The City has warned residents to beware of fraudulent and unqualified contractors looking to take advantage of a crisis and provides a list of registered plumbers at sanantonio.gov/DSD. The Texas State Board of Plumbing Examiners also maintains a list of licensed plumbers.
Kelly Tison, who lives in the Oaks at Sonterra, was without water for 30 hours after a pipe burst in her garage last week. Though the damage was minimal, the water had to be turned off to stop the leak.
She found a plumber online through the neighborhood social media app Nextdoor, agreed on the price, and he came the following day despite the weather.
“The other calls I made were not even answered so I was happy when I got an actual human to answer,” she said via Nextdoor messaging. Later, she questioned the $824 bill for 15 minutes of work and reached out to the company to negotiate.
“Although I still feel the amount I paid was way too high, I appreciate that they responded quickly to my call, came out while it was actively snowing and they fixed my problem,” she said.
In the wake of San Antonio’s deep freeze, the City is waiving permit fees for emergency plumbing repairs to help people more quickly get their pipes back in order. And on Thursday, Mayor Ron Nirenberg said the City would ask the federal government for funding and reimbursement from the Federal Emergency Management Agency for pipe repairs.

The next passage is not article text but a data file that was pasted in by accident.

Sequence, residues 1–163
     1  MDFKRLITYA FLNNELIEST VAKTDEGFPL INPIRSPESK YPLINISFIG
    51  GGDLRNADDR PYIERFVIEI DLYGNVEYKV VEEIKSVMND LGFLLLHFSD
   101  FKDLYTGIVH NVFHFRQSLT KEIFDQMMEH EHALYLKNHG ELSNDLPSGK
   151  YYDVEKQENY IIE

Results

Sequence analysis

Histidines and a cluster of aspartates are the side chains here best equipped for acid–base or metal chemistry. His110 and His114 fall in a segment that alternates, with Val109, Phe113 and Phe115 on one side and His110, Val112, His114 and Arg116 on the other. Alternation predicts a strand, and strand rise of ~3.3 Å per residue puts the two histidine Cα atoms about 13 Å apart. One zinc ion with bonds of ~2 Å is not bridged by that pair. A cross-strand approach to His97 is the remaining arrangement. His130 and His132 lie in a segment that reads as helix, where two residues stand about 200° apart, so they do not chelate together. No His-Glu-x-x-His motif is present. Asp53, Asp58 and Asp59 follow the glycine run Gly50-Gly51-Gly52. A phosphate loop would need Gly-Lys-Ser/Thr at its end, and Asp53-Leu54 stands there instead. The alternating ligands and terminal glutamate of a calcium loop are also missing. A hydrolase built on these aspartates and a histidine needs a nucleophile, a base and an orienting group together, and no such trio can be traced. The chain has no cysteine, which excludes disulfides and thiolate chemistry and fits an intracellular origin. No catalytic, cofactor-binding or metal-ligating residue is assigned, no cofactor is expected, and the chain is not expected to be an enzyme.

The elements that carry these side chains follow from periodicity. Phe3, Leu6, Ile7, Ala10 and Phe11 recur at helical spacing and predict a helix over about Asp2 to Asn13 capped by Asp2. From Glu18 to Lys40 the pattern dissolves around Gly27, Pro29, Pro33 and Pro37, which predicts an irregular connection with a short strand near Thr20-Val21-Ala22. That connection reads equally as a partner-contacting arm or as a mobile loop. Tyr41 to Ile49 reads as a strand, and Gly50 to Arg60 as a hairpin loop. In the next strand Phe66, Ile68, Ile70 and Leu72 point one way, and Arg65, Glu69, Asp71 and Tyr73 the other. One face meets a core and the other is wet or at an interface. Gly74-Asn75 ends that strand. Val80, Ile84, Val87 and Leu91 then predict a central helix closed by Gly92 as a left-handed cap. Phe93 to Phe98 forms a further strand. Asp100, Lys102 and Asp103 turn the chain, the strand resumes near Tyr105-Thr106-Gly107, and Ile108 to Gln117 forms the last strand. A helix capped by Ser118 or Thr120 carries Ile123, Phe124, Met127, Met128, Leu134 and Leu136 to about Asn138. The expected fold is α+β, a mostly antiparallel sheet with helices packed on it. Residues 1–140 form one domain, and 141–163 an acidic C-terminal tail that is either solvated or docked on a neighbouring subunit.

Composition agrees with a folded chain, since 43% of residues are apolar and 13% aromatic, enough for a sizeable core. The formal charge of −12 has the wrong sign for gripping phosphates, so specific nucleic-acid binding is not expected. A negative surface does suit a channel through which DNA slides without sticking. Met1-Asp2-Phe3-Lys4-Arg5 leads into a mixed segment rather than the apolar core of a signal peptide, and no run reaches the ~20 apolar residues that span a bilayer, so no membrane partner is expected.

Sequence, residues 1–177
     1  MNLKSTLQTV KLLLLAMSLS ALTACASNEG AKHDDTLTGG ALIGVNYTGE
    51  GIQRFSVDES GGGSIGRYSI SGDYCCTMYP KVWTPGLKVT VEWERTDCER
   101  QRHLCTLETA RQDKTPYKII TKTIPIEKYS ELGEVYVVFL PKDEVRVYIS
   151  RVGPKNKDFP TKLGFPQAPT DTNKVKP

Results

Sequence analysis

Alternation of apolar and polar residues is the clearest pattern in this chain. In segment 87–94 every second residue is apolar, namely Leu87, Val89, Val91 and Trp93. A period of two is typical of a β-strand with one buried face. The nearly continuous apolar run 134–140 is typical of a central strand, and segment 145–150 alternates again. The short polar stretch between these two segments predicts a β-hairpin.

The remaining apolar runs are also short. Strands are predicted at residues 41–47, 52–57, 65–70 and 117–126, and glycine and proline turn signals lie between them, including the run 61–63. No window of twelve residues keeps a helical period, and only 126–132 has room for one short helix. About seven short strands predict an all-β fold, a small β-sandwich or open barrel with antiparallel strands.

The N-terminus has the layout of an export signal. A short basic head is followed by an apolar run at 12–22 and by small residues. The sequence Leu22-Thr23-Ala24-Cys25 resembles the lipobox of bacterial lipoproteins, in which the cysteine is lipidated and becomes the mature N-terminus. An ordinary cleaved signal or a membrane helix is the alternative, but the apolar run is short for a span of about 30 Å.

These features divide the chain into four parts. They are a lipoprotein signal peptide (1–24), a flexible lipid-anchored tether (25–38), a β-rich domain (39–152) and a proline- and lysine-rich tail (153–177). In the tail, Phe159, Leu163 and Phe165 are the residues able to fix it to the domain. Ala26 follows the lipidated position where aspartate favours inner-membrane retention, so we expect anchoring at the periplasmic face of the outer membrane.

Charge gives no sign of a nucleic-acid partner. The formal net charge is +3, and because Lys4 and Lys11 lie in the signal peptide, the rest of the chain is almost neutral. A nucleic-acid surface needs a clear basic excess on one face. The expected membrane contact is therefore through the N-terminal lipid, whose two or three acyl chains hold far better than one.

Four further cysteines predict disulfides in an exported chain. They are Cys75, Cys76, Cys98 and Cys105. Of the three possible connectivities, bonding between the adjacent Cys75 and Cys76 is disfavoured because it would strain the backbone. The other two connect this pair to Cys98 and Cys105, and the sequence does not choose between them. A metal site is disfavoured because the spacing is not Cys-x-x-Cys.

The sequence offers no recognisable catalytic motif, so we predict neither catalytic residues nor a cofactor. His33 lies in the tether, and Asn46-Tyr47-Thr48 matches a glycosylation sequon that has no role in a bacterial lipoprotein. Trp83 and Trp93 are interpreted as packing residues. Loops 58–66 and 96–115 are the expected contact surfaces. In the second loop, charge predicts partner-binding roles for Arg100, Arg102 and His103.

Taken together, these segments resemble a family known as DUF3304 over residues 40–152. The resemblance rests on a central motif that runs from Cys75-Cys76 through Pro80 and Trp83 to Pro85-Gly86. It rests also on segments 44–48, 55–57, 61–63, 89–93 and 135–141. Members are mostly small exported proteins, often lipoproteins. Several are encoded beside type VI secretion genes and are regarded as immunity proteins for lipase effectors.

Nirenberg and County Judge Nelson Wolff also issued an emergency order against price gouging for goods and services.
Though businesses are allowed to generally set their own rates for services, price gouging after a natural disaster is against the law and complaints can be filed with the attorney general’s office or with the Board of Plumbing Examiners at 512-936-5200 (press 4).
Mulder, who is waiving his usual $109 fee for weekend and holiday emergencies, said plumbers for the most part aren’t reveling in the disaster.
“This is one of those things that we, as plumbers, take in stride,” Mulder said. “We were all already very busy – we already had a full schedule going into this. So this is more of a misfortune for us actually.
“Even though a lot of people [say] plumbers must be making a killing right now because they’ve got so much work, it’s actually very difficult for us because these aren’t the type of jobs that are truly profitable for us. And at the end of the day, we’re not looking to make a huge buck off of a huge misfortunate event.”
Disclosure: Erik Velasquez is a brother to San Antonio Report Audience Engagement Editor JJ Velasquez.